A close encounter with the Cumberland Lake Wilderness Society
For those of us fortunate to live in the Comox Valley, we find ourselves encompassed by mountains, lakes, ocean, and rivers on a daily basis. We live, work, and play in the natural playground that is the West Coast. But in today’s online Wi-Fi dependent society, it’s easy to lose ourselves in our screens, to judge our self-esteem based on our number of followers, and to feel the need for constant communication with others.
How do we maintain our balance? How do we reconnect our culture—especially our youth—with nature? Enter Cumberland Lake Wilderness Society (CLWS): a new nonprofit organization aiming to address these questions head on.
Founded in 2015, CLWS is in its second year of operating Cumberland Lake Park (CLP), 24 hectares of pristine wilderness located 3km west of Cumberland. Members of CLWS are passionately dedicated to outdoor stewardship and education, and led by Cumberland resident William Kosloski whose expansive outdoor experience includes endeavours in eco-tourism, guiding, and wilderness-based youth work. These experiences have helped influence the vision of CLWS, which is to help build bridges between nature and today’s society.
Under this philosophy, CLWS is excited to offer dynamic new programming at CLP this summer. In the Get Wild Weekend for adults—and a similar Get Wild Mini Camp for youth—participants spend 48 hours outside learning to survive off the land without modern amenities. While valuable skills are learned, Kosloski stresses that these programs are also designed to rejuvenate people’s relationship with the natural environment:
“Healthy human development has evolved with nature for thousands of years, and it’s only in this short period of human history that we have become ‘plugged in.’ The programs being offered and developed at CLWS provide an opportunity for people to start looking at how they can connect with wild space, viewing nature as animate and alive, and understanding our place within the natural community is not separate. Which, in a technologically driven culture, we can often be led to believe is the case.”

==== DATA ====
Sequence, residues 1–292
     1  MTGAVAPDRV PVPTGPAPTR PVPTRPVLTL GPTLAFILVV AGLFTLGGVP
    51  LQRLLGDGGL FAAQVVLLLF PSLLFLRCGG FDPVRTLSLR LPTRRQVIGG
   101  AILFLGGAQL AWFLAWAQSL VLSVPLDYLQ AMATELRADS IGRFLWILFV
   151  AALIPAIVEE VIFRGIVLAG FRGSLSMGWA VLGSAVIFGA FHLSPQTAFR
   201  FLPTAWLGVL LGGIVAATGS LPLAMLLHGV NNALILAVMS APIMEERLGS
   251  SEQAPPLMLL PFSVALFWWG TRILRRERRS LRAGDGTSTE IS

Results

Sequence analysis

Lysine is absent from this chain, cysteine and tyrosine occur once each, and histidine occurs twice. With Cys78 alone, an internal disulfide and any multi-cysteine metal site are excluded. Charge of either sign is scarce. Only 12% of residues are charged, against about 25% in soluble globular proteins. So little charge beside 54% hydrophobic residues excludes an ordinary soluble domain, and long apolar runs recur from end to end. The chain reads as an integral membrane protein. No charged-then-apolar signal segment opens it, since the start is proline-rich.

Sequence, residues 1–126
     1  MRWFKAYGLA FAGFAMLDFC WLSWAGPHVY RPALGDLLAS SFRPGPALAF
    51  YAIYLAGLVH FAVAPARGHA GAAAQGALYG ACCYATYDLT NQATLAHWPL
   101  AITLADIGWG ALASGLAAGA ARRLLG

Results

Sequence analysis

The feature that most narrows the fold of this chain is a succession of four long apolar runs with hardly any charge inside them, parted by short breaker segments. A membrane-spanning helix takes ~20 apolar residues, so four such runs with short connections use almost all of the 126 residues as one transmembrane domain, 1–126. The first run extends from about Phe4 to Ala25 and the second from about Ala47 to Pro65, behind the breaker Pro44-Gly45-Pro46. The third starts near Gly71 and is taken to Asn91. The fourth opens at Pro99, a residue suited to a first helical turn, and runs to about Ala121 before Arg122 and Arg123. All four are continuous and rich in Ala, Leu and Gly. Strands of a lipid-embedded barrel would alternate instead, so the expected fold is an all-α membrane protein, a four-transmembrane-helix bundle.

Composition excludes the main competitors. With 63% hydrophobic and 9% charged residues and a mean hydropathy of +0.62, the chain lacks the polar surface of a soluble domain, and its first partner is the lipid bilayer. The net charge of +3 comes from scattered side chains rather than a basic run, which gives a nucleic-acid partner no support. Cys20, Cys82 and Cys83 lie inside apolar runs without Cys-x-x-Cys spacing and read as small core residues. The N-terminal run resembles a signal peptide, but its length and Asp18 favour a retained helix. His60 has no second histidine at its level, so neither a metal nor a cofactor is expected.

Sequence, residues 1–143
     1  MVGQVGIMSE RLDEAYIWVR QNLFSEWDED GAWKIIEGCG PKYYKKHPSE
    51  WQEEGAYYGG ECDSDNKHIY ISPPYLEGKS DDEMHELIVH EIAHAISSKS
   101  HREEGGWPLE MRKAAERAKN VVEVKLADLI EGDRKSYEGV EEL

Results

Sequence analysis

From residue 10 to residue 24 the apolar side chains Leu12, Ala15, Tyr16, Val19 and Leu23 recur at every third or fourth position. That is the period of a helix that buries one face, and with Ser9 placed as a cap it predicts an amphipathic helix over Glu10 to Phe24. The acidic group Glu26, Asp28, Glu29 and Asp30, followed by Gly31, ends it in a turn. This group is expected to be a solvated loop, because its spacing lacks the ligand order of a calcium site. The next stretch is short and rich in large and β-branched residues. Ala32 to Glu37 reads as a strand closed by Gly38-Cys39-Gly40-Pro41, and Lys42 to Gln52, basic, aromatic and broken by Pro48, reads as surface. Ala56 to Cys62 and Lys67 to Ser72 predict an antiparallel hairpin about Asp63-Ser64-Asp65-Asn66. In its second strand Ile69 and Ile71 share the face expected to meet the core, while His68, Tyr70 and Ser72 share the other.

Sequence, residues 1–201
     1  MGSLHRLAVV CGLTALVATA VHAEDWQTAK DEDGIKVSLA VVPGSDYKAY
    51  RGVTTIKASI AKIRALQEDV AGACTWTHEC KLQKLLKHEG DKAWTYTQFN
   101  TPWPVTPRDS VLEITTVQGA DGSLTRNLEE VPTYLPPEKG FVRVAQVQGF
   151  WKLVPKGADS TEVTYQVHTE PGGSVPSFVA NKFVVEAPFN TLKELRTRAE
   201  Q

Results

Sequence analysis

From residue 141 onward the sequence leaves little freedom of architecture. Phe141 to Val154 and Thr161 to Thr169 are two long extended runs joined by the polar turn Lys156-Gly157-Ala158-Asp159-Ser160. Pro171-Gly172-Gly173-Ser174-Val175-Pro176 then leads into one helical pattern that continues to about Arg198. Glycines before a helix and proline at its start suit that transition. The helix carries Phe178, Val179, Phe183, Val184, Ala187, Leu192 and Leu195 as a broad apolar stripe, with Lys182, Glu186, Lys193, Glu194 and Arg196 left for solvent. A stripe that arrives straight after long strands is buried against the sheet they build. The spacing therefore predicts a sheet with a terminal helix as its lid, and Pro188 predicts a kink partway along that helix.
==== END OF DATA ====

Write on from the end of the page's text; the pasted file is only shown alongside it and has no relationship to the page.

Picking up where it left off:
The ecologically diverse park area also lends itself to new programs based around rock climbing and paddling for kids and youth. These programs aim to build confidence, determination, and environmental respect by mixing the fun of play with specific skill development.
With the Village of Cumberland being in such close proximity to the park, CLWS has also expanded its relationship with the community to include school-based programs in conjunction with Cumberland Community School (CCS). There, the Explorer Wilderness Program was implemented this year as an interactive outdoor awareness course for students in grades 6 through 9. Weekly trips to the lake saw students getting out of their classrooms, learning about the natural environment, and practicing skills such as building fires and shelters.
Rachael Black, CCS Outdoor Education teacher, sings high praises for CLWS:
“I’m grateful to be able to connect my students with amazing facilitators like William Kosloski and Emily Blezard of the CLWS. They are passionate about bringing people into the wilderness, and skilled at facilitating meaningful learning experiences for all participants in their programs. Students are thriving in the Explorer Wilderness Program, which focuses on building relationships to self, others, the environment, and the community through experiential learning in the outdoors.”
CLWS has also hosted the Hand-in-Hand Early education program for pre-school aged children, giving them access to the park for outdoor-based learning activities. This is a great example of CLWS’s initiative to explore partnerships with other instructors and programs in order to maximize use of the park’s abundant resources.
So, if you get the chance to visit Cumberland Lake Park this summer, or if you have kids who need to be pried away from their screens, be sure to check out the CLWS website for a full rundown of park operations and programs. Because, as Kosloski wisely reminds us, “A healthy community starts with positive relationships with wilderness.”